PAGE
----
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Let $R$ be a noetherian commutative ring of dimension $n$, and let $M$ be a faithful finite $R$-module. Let $I$ be a proper ideal of $R$, and let $x\in I$ be a non-zerodivisor on $M$.

When does multiplication by $x$ induce an injection $H^n_I(M)\hookrightarrow H^n_I(M)$?

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3  
The local cohomology modules are $I$ torsion, so multiplication by $x$ will actually be the $0$ map. –  Hailong Dao Apr 4 '11 at 1:44
    
Uh-oh! Really? –  Harry Gindi Apr 4 '11 at 2:01
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Not necessarily the zero map, but definitely not injective. For example, when $M = R$ is a Gorenstein local ring and $I = m$ is the maximal ideal, the top local cohomology is the injective hull of $R/m$, which is $m$-torsion. –  Graham Leuschke Apr 4 '11 at 2:38
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@Harry: The $I$-torsionness follows from the fact that there is an isomorphism ${\rm H}^i_I(M) = \varinjlim_d {\rm Ext}^i_R(R/I^d, M)$ –  Steven Sam Apr 4 '11 at 2:41
    
Graham was right, let me give a careful answer then. –  Hailong Dao Apr 4 '11 at 4:37

1 Answer 1

up vote 6 down vote accepted

Graham was right, the map is not necessarily $0$ as I wrote in the first comment. However, it is true that $H_I^n(M)$ is $I$-torsion, so it will be injective if and only if $H_I^n(M)=0$.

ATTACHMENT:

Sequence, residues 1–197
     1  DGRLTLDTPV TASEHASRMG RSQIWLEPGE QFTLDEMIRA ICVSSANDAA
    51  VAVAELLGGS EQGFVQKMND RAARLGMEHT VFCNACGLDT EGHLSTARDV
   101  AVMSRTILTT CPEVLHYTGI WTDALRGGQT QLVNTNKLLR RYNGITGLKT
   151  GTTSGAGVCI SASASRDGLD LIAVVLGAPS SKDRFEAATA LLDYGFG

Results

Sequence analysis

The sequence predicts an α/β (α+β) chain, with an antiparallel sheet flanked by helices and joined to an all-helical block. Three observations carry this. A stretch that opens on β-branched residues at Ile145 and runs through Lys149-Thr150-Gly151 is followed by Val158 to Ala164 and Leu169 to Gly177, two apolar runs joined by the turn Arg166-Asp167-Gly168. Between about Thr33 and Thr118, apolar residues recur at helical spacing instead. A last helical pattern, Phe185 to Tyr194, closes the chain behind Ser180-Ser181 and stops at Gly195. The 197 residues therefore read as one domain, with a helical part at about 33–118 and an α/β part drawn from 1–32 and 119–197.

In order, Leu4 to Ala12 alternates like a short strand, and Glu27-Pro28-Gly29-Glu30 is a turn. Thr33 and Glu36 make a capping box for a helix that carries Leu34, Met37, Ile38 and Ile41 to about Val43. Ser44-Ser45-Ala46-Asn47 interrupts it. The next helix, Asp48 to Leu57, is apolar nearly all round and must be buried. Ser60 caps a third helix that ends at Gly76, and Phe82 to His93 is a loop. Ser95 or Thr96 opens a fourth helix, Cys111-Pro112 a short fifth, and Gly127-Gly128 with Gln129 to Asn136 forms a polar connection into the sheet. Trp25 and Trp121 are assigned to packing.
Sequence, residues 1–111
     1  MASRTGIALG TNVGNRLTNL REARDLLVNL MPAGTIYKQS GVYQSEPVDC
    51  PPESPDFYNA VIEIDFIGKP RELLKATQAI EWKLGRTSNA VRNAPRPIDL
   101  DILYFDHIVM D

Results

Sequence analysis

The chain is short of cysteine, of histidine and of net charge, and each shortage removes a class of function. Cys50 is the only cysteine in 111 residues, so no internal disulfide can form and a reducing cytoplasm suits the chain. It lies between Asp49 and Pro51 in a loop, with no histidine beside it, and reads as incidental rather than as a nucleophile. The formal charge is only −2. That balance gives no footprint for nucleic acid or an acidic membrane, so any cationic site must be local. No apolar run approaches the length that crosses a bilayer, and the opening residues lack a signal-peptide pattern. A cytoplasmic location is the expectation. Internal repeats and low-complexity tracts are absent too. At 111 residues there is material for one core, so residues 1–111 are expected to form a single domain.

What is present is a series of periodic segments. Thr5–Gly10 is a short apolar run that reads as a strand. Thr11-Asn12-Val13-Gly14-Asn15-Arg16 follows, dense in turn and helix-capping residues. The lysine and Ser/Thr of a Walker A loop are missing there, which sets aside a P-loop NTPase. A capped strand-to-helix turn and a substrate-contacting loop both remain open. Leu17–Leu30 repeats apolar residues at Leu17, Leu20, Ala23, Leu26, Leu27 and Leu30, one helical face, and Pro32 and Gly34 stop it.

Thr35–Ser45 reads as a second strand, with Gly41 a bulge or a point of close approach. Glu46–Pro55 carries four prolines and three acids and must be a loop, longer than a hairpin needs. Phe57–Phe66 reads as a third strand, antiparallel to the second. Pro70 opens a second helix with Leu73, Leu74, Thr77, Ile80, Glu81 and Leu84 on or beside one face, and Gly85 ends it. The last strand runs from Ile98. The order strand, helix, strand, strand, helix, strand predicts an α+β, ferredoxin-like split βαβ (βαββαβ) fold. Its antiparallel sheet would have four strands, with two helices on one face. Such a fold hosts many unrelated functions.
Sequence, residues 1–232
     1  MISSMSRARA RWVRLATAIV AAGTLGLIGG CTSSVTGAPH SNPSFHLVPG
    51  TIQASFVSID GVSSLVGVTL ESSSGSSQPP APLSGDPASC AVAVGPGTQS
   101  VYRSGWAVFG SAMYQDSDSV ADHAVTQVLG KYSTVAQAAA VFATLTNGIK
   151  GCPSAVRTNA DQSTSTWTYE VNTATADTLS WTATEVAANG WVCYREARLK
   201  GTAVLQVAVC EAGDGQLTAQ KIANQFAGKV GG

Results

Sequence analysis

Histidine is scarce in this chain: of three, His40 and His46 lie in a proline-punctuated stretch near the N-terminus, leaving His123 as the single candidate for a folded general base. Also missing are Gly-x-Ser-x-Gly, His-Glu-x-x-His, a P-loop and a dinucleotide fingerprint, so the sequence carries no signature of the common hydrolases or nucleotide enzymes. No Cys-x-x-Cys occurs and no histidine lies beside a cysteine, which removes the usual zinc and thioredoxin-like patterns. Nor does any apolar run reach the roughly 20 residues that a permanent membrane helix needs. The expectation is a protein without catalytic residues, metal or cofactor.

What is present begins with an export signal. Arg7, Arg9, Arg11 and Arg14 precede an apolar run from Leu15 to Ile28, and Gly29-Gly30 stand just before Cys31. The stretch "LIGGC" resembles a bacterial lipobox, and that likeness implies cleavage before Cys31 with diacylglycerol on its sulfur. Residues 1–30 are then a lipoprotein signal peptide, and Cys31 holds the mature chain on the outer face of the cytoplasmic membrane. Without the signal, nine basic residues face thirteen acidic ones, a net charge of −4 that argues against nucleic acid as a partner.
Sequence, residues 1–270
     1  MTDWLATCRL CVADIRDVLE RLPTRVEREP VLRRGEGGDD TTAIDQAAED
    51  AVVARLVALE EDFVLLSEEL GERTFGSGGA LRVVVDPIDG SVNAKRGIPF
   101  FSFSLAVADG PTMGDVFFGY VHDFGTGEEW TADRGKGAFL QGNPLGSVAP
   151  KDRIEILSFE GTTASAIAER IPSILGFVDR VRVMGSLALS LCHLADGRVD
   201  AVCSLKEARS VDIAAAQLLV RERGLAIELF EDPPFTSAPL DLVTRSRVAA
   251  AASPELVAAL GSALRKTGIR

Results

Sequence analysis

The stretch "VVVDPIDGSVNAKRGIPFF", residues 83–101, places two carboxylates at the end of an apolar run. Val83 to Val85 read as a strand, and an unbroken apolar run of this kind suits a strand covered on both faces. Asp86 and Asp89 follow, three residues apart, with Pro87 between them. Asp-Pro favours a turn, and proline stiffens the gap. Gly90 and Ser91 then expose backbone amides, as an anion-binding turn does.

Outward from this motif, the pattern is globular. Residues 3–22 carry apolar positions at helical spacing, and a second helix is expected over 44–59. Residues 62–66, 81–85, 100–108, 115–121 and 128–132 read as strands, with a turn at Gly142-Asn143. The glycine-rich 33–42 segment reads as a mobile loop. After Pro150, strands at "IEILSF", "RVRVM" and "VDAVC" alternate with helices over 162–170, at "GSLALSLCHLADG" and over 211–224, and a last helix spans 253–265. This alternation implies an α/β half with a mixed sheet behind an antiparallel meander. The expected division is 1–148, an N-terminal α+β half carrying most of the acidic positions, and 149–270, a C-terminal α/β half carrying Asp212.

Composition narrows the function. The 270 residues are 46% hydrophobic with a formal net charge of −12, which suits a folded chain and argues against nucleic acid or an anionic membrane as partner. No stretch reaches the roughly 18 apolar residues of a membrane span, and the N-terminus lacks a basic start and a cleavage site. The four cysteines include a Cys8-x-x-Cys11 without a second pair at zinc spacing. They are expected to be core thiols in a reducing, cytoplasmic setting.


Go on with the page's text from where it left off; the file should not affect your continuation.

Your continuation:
Amusingly, I will observe that the map is actually surjective.

Apply $\Gamma_I(-)$ to the sequence:

$$ M \stackrel{x}{\to} M \to M/xM$$

to get $$ \to H_I^n(M) \stackrel{x}{\to} H_I^n(M) \to H_I^n(M/xM) \to $$

Now note that $\dim M/xM < \dim M = n$ because $x$ is $M$-regular, so $H_I^n(M/xM) = 0$. (In general, $H_I^n(N) =0 $ for $n>\dim N$). So the multiplication by $x$ map is surjective, as claimed (may be this is what you had in mind anyway).

For completeness, the question of when $H_I^n(M) =0$ is rather subtle. It will be true, for example, if $I$ can be generated up to radical by at most $n-1$ elements, because you can calculate local cohomology using the Cech complex on those elements.

Another instance is when $R$ is a complete local domain, and $\dim R/I>0$ (this is known as the Hartshorne-Lichtenbaum vanishing theorem). I do not know an easy equivalent condition off the top of my head.

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Heh, for what it's worth, I already knew it was surjective by that exact argument =). –  Harry Gindi Apr 4 '11 at 4:57
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@Harry: I am glad you agree! –  Hailong Dao Apr 4 '11 at 5:02

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